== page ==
If Google Play Music excels at one thing it’s the ease with which you can save your own MP3s to your cloud. That works really well. Also, Google Play Music comes bundled with YouTube Red (if you don't know what that is, click here), which is a nice service, though also riddled with its own issues (such as how unevenly it disperses your $10 between your preferred content creators).

That said, nothing can overshadow the fact that Google Play Music is kind of evil. Linked as it is to your Google account, it will recommend to you songs based on your browsing history, which gets real creepy real fast. If you believe in a benevolent God named Google, and don’t mind covering your eyes every now and then, you won’t notice that you’re drinking a watered-down version of the same product.

For the begrudging Apple employee, there’s... APPLE MUSIC, THE NIHAMANCHI
If you’ve never heard of Nihamanchi, it’s an alcoholic beverage enjoyed by indigenous South American people. It’s sweet, and is said to taste of buttermilk. It’s also fermented with human saliva, and that’s Apple Music - sweet on the outside, but full of stirred spit.

If you’re old enough to remember paying for MP3s individually and voting for William Jennings Bryan then you will recall Apple’s Jurassic service, iTunes. Yes, time has not been kind to monopolistic armed robbery, but rest assured, Apple Music is here both to keep Apple in the game, and to throw a sheet over the corpse of Beats Music.

If you have an iPhone, then Apple Music is already on your phone, and you get a 90-day free trial to test it out. The interface on iPhone can be confusing, and Apple Music only offers 256kbps quality streams. Apple hosts some exclusive albums, but doesn’t keep them hostage like Tidal, instead releasing them to other services after a few weeks, so you’re not missing out by not subscribing. If you have an Apple watch, then Apple Music is certainly the most convenient option, but other than that, you don’t have to drink the spit just to be polite.

For the true adventurer, there's... SOUNDCLOUD GO, THE HARD LIQUOR
I know “Hard Liquor” is a wide net of alcohol, but Soundcloud is a wide net of music. You have the entire world of alcohol at your disposal with liquor; and not just straight up/on the rocks, but fruity mixes and bizarre cocktails as well. That said, you’ll have a sea of plastic-handles and “well, it’s $10 cheaper” constantly swirling your ankles.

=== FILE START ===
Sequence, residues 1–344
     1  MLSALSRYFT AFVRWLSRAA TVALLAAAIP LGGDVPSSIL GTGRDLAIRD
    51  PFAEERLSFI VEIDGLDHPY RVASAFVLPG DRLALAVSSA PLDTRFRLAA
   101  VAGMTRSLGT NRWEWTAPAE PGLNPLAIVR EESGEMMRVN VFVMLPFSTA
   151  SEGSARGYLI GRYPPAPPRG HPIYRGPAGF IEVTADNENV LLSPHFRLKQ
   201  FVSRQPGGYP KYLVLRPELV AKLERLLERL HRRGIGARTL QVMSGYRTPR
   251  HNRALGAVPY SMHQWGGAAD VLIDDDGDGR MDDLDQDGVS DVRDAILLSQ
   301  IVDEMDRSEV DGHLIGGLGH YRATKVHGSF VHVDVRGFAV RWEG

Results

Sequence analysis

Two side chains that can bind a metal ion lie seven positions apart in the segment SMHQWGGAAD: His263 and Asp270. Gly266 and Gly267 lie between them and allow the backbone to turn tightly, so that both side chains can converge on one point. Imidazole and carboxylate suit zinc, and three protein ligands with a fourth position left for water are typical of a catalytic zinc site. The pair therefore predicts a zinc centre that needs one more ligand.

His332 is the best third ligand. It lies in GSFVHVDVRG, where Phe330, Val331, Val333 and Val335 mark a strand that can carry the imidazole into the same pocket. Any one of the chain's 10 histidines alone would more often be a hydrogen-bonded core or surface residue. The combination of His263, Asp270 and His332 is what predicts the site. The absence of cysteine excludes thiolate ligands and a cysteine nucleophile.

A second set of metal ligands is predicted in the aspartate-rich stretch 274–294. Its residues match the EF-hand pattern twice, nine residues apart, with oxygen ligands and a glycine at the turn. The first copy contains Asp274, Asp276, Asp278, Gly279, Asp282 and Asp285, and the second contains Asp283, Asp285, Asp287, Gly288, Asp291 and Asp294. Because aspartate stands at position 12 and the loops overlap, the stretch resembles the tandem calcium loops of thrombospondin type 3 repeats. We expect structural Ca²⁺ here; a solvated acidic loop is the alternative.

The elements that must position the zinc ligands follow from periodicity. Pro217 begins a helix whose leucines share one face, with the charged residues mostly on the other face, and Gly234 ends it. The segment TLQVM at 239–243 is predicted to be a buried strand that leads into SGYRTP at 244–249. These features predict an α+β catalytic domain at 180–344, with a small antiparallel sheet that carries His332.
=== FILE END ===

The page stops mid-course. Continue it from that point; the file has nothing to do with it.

Soundcloud was designed to be a YouTube of sounds, where anyone can post their music for free. Unsurprisingly for a user-generated platform, it hosts by far the most tracks of any streaming service (more than four times what you’ll find on Spotify). Also unsurprisingly, it’s your one-stop destination for an interminable garbage-pile nightmare of original-but-terrible remixes, raps, and ambient music.

If you want to listen to your favourite major label records, you’ll have to pay $10 per month for Soundcloud Go, a subscription service which allows for offline play and eliminates ads. Soundcloud offers a mixture of 320kbps and 1411kbps audio, as well.

The interface is bizarre if you’re used to any other streaming service, but after an acclimation period you’ll find a truly endless library of music. It’s up to you to find the right mixers, though.

For the curious and the bored, there’s... BANDCAMP, THE MICROBREW
The same buzz, except you can feel good about supporting the little guys. You’ll be happy to pay extra to give quality micro-streams that little boost, and that’s Bandcamp.

Streaming on Bandcamp (desktop and mobile app) is totally free with an account. Yes, FREE, without ads. And did I mention Bandcamp also boasts the same lossless audio quality of Tidal? Why are we allowed to just steal this music?

The catch is that Bandcamp is for independent artists, whose music you may stream for free or buy for download. It’s like Soundcloud’s free tier, only for independent artists. However, the two services have some cultural disimilarities. A minimum download price is set by the artist, and you may pay what you want beyond that. It’s a terrific way to directly support bands that wouldn’t make that wet nickel roll on Spotify, but these are also the only songs you’re likely to find on the service. So on one hand, it is a revolutionary service for self-distribution. On the other, if someone else you know has heard of a song, it’s probably not on Bandcamp.

If you’re ever looking for something exciting and new, order a pint of Bandcamp. You’re sure to find something you like.


Now that music is no longer considered a physical commodity, Spotify may be your last choice for a home social music experience. Seeing what your friends are listening to (whether you want to or not), posting playlists/songs to your webpage, and in general being connected to your friends’ listening habits is Spotify’s biggest strength.

On the other hand, if music is something that’s deeply personal for you, and you want the highest possible quality, or greater engagement with and access to more artists, or to pay artists [a little bit] more, then Tidal is your option.

If you’re 99% of people, your choice only needs to be between Spotify and Tidal, with some Soundcloud/Bandcamp on the side. Your decision between the two relates to my initial request: think about what kind of music listener you are.